19. Mary Canning & Martin Godfrey & Dorota Holzer-Zelazewska, 2007. "Higher Education Financing in the New EU Member States : Leveling the Playing Field," World Bank Publications - Books, The World Bank Group, number 6740.
    20. World Bank, 2005. "Thailand : Northeast Economic Development Report," World Bank Publications - Reports 8808, The World Bank Group.
    21. Inmaculada García Mainar & Víctor M. Montuenga Gómez, 2004. "Returns to education and to experience within the EU: are there differences between wage earners and the self-employed?," Documentos de Trabajo dt2004-08, Facultad de Ciencias Económicas y Empresariales, Universidad de Zaragoza.

    More about this item

    Keywords

    Access&Equity in Basic Education; Teaching and Learning; Gender and Education; Primary Education; Tertiary Education;
    All these keywords.

    NEP fields

    This paper has been announced in the following NEP Reports:

    Statistics

    Access and download statistics

    Corrections

    All material on this site has been provided by the respective publishers and authors. You can help correct errors and omissions. When requesting a correction, please mention this item's handle: RePEc:wbk:wbrwps:3800. See general information about how to correct material in RePEc.

    For technical questions regarding this item, or to correct its authors, title, abstract, bibliographic or download information, contact: . General contact details of provider: https://edirc.repec.org/data/dvewbus.html .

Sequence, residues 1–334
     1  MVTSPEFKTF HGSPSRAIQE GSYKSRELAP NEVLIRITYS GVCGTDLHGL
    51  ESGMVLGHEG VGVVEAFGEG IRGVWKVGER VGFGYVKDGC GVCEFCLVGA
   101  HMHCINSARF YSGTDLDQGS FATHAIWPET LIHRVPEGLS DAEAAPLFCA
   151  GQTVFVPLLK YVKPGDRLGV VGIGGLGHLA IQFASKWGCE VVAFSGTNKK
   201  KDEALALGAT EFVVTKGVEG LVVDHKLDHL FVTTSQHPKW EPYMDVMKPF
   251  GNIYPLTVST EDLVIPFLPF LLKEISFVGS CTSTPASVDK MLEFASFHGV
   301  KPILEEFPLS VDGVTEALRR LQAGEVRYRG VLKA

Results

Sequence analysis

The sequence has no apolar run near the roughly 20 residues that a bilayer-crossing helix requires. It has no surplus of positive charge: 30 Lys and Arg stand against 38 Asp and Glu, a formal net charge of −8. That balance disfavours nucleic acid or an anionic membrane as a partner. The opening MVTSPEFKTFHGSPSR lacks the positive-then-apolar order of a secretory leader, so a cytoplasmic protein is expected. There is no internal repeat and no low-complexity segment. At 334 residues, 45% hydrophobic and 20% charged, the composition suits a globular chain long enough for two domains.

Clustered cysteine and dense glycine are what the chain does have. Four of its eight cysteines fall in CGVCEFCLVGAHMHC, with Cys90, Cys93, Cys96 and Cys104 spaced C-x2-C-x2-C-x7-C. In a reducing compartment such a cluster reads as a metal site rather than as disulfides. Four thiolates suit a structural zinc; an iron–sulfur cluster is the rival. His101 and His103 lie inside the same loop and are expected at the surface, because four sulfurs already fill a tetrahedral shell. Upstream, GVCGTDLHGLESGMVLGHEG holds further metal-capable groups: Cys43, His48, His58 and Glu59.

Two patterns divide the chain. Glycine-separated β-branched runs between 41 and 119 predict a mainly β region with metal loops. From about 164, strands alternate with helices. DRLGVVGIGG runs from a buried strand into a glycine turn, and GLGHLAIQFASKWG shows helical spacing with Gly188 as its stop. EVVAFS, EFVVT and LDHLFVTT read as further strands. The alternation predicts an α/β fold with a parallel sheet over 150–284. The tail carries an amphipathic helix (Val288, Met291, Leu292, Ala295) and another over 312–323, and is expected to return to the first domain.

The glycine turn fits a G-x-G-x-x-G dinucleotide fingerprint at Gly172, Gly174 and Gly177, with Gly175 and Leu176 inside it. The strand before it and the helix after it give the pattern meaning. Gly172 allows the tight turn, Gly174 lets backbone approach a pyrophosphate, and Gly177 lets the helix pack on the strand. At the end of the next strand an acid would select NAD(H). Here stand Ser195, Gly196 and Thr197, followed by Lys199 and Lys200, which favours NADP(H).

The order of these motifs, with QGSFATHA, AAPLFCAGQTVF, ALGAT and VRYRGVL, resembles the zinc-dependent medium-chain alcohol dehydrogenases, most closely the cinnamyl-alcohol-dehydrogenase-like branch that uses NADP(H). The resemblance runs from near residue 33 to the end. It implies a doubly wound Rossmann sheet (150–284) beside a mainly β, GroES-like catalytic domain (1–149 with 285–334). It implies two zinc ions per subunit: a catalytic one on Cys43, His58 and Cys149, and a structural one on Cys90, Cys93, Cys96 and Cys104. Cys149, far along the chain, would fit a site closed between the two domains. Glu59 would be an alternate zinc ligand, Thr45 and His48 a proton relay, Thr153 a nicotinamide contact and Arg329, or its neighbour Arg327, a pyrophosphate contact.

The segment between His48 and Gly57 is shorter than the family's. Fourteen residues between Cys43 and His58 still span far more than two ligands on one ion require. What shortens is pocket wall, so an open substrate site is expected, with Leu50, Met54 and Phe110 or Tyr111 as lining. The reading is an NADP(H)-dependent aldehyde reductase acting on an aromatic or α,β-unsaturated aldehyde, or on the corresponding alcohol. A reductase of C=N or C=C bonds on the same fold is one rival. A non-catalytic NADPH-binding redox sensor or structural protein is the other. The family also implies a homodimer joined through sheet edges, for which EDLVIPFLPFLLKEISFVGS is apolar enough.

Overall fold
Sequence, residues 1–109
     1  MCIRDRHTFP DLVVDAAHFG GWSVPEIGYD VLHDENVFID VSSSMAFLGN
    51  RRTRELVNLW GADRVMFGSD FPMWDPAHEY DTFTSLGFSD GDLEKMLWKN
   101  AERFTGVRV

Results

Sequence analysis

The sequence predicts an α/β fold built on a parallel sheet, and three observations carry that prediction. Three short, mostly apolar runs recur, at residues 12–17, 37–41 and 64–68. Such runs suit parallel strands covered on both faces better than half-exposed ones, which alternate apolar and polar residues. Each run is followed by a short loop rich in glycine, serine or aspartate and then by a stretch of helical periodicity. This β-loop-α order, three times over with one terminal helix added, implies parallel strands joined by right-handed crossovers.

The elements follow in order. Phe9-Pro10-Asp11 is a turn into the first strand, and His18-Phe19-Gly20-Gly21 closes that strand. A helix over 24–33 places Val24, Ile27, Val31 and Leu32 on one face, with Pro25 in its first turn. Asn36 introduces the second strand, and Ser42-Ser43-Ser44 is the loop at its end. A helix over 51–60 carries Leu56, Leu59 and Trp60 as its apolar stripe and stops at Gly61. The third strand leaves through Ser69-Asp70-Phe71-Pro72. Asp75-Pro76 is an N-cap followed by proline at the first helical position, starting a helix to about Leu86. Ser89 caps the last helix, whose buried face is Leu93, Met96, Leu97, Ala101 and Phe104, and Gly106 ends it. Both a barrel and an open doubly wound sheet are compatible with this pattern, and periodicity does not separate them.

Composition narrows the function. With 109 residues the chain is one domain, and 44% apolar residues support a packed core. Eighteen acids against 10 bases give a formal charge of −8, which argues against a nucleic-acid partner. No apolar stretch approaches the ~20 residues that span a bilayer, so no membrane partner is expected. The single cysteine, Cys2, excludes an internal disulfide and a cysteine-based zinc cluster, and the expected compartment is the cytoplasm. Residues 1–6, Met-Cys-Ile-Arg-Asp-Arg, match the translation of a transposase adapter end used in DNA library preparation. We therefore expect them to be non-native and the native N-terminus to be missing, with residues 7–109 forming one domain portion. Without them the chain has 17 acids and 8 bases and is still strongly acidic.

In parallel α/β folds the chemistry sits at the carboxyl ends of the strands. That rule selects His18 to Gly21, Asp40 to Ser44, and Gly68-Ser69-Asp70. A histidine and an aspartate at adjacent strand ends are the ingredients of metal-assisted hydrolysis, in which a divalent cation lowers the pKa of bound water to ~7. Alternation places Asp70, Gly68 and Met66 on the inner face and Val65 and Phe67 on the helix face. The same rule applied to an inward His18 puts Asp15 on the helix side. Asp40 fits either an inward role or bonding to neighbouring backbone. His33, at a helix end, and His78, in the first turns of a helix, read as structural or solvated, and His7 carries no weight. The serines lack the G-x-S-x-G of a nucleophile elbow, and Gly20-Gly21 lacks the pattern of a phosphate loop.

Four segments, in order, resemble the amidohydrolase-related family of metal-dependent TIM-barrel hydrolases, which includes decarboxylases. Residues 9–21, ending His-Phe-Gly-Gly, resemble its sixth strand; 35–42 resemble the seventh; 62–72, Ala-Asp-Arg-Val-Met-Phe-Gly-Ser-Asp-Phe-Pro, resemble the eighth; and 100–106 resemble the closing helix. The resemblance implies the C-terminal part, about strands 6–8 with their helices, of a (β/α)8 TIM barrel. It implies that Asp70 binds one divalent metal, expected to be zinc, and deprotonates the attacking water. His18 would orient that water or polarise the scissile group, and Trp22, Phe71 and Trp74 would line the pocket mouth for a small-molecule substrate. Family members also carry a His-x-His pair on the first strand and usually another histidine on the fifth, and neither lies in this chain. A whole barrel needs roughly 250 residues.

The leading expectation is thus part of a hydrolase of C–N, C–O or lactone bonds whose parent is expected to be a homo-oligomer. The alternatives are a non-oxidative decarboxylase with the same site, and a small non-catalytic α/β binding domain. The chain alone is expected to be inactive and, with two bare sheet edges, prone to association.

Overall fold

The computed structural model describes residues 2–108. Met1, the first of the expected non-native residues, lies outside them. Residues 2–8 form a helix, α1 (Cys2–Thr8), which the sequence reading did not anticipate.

If you have authored this item and are not yet registered with RePEc, we encourage you to do it here. This allows to link your profile to this item. It also allows you to accept potential citations to this item that we are uncertain about.

    If CitEc recognized a bibliographic reference but did not link an item in RePEc to it, you can help with this form .

    If you know of missing items citing this one, you can help us creating those links by adding the relevant references in the same way as above, for each refering item. If you are a registered author of this item, you may also want to check the "citations" tab in your RePEc Author Service profile, as there may be some citations waiting for confirmation.

    For technical questions regarding this item, or to correct its authors, title, abstract, bibliographic or download information, contact: Roula I. Yazigi (email available below). General contact details of provider: https://edirc.repec.org/data/dvewbus.html .

    Please note that corrections may take a couple of weeks to filter through the various RePEc services.

    IDEAS is a RePEc service hosted by the Research Division of the Federal Reserve Bank of St. Louis . RePEc uses bibliographic data supplied by the respective publishers.